The action in the film is well shot and is compelling enough that it’ll keep you on the edge of your seat, the best action sequences in any X-Men film. There’s never a moment in the film where the CGI looks to cartoony or fake, it’s some of the best you’ll see in any film and is on par with some of the best. As a superhero film, Days Of Future Past has plenty to offer in the action department that’s never disappointing; it has a scene where young Magneto lifts a stadium up with his powers. There’s never any shaky cam during the movie that’ll make you nauseous, it’s a well crafted film with Singer taking his time and not rushing any of the action.

The score for the film is beautiful and haunting at the same time, it ranges from a mix emotions that you wouldn’t expect from a film like this. John Ottman who composed the scores for the second X-Men film returns to deliver another grand score, proving that he is a great composer who knows how to work. Ottman even brings back the iconic theme from the second film in what could be considered a wink for the fans, hearing the theme again brought back memories for me and sent chills down my spine. There’s a few tracks that stand out during the film such as “Do What You Were Made For”, such an outstanding composition that deserves praise.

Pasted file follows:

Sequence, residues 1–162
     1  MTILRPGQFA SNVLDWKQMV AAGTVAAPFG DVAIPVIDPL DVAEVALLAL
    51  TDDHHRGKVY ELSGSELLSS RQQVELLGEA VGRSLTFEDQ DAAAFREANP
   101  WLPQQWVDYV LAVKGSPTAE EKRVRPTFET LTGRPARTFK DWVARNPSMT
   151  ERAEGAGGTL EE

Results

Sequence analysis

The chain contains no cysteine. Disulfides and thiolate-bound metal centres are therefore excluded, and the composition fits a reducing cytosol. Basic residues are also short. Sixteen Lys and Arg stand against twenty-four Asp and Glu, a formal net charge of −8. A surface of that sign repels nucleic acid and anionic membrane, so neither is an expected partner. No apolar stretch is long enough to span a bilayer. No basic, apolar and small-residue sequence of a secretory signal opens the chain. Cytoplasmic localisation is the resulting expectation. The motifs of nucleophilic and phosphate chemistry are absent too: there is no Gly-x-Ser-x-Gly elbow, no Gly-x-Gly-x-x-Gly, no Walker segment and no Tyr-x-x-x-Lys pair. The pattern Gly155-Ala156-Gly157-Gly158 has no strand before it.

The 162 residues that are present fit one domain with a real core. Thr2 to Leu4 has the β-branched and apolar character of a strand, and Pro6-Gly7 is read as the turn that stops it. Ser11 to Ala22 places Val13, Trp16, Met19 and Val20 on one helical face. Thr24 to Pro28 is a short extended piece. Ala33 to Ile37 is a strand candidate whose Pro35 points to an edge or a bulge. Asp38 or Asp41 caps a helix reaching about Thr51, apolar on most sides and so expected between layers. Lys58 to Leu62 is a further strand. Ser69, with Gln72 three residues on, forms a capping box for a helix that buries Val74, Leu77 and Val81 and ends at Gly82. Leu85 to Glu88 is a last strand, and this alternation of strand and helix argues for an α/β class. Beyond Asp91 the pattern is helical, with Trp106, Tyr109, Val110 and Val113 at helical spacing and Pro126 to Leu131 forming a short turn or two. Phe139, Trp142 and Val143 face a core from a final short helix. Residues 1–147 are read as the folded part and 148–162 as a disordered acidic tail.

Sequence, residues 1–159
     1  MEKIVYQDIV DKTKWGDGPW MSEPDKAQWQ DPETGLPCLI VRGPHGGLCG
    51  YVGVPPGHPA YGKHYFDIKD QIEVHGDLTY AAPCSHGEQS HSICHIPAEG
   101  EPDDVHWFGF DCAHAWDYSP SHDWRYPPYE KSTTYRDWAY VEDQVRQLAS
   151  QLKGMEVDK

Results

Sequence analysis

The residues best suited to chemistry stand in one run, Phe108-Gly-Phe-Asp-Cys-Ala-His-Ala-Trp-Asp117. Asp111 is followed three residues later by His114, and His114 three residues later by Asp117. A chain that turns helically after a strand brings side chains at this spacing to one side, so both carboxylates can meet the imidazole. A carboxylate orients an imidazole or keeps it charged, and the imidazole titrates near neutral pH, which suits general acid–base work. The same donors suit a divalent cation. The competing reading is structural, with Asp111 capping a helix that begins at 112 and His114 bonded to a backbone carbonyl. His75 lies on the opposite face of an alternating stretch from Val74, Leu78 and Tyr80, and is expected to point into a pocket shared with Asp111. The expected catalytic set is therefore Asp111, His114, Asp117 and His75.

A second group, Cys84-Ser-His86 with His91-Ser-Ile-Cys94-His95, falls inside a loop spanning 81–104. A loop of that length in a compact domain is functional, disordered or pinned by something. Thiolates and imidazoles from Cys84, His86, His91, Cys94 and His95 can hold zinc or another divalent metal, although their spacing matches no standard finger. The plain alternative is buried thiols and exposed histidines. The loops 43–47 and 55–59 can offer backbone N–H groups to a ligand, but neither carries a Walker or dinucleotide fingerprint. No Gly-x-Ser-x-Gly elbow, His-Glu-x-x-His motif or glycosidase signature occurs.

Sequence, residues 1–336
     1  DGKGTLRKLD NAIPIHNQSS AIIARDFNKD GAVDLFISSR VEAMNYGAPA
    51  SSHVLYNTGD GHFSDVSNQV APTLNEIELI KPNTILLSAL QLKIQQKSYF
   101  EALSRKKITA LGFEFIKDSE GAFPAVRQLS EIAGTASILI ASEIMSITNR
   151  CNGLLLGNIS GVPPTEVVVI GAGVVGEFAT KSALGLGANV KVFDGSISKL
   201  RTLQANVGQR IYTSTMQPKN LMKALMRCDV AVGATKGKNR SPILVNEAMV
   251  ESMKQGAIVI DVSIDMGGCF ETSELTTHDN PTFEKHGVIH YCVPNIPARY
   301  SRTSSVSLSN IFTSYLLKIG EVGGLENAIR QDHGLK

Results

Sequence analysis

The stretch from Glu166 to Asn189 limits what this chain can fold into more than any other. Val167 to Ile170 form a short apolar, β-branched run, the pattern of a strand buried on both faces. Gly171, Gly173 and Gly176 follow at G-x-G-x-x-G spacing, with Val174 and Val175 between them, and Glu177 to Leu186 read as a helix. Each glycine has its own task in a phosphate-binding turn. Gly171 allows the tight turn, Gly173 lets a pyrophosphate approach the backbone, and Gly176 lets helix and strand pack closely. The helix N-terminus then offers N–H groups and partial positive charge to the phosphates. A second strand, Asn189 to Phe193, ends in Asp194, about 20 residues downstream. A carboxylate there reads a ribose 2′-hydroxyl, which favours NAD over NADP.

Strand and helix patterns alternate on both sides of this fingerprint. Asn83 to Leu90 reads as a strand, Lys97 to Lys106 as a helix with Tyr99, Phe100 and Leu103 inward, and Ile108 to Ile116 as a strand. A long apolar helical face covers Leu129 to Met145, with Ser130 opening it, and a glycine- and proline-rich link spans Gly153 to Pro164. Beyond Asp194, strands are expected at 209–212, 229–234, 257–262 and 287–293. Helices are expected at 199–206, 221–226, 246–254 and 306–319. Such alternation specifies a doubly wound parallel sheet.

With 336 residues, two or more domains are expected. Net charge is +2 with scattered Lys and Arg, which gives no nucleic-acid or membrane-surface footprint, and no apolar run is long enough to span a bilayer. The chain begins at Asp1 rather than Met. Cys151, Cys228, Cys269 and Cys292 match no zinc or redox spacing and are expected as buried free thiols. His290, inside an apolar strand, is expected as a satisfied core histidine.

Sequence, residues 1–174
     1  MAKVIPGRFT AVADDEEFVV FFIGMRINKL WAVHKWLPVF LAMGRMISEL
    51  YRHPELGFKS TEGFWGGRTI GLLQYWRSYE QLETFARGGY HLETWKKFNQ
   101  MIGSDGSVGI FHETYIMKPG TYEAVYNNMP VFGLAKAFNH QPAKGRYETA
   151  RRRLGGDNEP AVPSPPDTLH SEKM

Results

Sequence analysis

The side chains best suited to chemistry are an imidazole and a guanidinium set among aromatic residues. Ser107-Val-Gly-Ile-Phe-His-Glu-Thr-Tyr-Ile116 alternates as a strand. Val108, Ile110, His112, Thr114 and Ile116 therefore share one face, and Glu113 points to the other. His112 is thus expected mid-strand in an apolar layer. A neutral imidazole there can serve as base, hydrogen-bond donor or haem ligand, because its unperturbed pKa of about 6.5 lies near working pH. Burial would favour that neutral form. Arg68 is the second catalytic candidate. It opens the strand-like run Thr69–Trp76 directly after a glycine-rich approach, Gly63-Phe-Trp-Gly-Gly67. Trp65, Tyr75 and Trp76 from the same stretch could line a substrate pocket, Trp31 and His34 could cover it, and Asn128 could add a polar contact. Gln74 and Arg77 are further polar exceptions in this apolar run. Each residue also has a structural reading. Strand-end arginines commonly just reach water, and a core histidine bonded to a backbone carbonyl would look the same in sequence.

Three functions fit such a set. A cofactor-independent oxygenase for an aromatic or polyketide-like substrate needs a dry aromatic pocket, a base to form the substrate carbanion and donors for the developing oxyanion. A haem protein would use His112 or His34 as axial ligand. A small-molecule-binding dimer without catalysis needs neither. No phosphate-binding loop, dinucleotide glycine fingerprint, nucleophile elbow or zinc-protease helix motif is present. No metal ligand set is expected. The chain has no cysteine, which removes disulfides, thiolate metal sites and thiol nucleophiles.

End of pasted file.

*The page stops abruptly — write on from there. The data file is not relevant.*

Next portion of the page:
Now onto the brand new cut of the film itself, The Rogue Cut was something that I’d had been waiting for since it was originally announced. I was excited for it because I wanted to see all of the things that were cut from the theatrical released film, everything we didn’t get to see in the final version. This is the definitive version of the film because it not only makes the film better but it adds to it, it’s nothing too major but it’s enough to justify going out and buying the film again for the extended cut. The biggest change being that Rogue’s scenes are re added into the movie, though she doesn’t appear until about an hour and half in; though there are still some changes along the way. Spoilers for those of you who haven’t watched the new cut yet, there’s a particular scene that really adds to the film that should've been kept in the theatrical version; it’s when older Magneto and Iceman go to rescue Rogue who appears to be unconscious. During their way out of Xavier’s mansion, they are attacked by a few Sentinels in what is one of the best action sequences in any action film. These Sentinels are unrelentless and keep attacking them, they managed to kill Iceman in what is actually a sad scene for a film like this; war after all always has a price.

The Rogue Cut is the version of the film that you should get if you’re a huge fan of the franchise or superhero films in general. It adds little to the film but makes the experience even better and more worthwhile, in a way it changes the film and makes it a bit different than what we got in theaters.